Poster A81, Saturday, March 25, 5:00 – 7:00 pm, Pacific Concourse
Electrophysiological Correlates of Time-Based Prospective Memory in Individuals Across the Lifespan
Erin E. Aisenberg1, Christy C. Chan1, Sarah A. Raskin, Ph.D.1; 1Trinity College
This study investigated the relationship between a clinical measure of time-based prospective memory (PM) and a computerized paradigm (Cona et al., 2012) that examined time-based PM in individuals in different age groups. PM involves the ability to form and realize intentions after a time delay (Einstein & McDaniel, 1990). The Memory for Intentions Screening Test (MIST) was used to clinically assessed both time- and event-related PM, which were compared with the electrophysiological and behavioral data collected as participants completed a computer-based PM task that assessed time-based PM. Older adults performed significantly worse on MIST tasks with a 15-minute time delay, event-based cues, action-based responses, and their total MIST scores were also significantly lower than that of younger adults. On the computerized-PM tasks, older adults performed significantly worse on PM tasks with a 5-minite time delay. ERP data was significantly different between groups only on realized 5-minute PM blocks. In the 275-325 ms post-stimulus time window, older adults had significantly higher amplitudes in left frontal electrodes and significantly reduced amplitudes in right parietal and occipital electrodes indicating their frontal lobes work harder in maintaining the intention. The reduction in the occipital electrode was the only ERP difference that extended into the 550-600 ms post-stimulus time window, a period critical for cue detection. Previously Cona et al. (2012) found a similar pattern in event-based PM, possibly indicating the presence of a separate clock altered the nature of the time-based cue into more of an event-based cue.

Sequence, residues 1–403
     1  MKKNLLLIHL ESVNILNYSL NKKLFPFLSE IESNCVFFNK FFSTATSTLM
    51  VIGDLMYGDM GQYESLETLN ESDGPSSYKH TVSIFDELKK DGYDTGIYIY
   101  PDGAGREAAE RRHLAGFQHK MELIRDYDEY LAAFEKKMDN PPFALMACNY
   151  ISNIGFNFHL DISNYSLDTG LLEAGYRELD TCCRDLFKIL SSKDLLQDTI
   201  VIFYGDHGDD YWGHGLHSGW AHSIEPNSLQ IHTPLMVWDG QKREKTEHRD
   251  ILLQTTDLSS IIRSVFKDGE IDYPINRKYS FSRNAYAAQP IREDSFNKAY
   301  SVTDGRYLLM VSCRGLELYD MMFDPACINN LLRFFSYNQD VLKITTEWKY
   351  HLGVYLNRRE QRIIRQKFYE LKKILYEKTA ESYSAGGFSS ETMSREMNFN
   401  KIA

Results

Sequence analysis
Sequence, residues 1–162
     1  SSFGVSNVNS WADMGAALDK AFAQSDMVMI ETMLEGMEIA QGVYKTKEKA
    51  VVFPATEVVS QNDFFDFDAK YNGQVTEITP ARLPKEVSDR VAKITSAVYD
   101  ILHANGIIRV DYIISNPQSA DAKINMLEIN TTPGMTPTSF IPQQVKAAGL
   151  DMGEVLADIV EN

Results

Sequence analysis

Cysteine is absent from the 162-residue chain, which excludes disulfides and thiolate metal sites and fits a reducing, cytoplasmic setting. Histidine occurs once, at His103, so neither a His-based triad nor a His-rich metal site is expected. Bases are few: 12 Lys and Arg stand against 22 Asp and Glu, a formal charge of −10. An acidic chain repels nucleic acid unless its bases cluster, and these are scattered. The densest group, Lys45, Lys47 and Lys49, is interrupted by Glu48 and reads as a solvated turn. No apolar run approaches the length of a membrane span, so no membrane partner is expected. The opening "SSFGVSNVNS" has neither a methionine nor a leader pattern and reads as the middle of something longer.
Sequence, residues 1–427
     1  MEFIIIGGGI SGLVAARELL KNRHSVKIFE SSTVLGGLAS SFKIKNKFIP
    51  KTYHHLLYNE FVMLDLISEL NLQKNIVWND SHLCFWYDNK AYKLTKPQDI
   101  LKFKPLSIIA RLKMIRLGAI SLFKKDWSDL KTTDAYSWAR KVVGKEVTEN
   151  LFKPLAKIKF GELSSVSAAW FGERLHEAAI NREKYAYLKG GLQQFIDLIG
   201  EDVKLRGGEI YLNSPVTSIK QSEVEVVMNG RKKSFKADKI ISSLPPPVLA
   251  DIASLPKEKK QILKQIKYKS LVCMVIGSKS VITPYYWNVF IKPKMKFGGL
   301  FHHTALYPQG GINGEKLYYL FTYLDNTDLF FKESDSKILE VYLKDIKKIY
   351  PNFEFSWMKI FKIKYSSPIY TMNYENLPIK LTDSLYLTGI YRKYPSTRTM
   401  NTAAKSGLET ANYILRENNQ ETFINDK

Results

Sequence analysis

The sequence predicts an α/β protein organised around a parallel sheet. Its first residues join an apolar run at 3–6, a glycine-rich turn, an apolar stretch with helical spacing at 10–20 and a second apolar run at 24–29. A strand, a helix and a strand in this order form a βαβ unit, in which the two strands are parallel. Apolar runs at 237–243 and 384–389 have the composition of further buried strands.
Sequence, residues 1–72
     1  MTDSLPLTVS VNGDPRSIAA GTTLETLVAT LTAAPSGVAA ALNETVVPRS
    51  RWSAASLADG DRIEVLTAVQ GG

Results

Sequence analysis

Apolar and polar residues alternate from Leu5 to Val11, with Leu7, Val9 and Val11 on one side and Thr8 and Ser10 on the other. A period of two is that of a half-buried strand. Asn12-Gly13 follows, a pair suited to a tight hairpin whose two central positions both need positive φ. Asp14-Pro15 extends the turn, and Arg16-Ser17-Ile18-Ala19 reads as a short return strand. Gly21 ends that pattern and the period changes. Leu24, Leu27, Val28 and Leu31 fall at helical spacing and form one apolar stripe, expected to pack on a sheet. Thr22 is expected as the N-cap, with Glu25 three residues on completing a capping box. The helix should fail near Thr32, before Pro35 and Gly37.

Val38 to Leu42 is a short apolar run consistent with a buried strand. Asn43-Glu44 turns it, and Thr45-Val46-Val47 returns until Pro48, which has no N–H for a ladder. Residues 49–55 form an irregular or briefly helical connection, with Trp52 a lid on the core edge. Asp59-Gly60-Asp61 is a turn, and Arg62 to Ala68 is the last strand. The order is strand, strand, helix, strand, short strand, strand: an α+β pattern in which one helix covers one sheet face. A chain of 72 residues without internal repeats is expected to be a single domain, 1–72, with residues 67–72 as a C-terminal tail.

Topic Area: EXECUTIVE PROCESSES: Working memory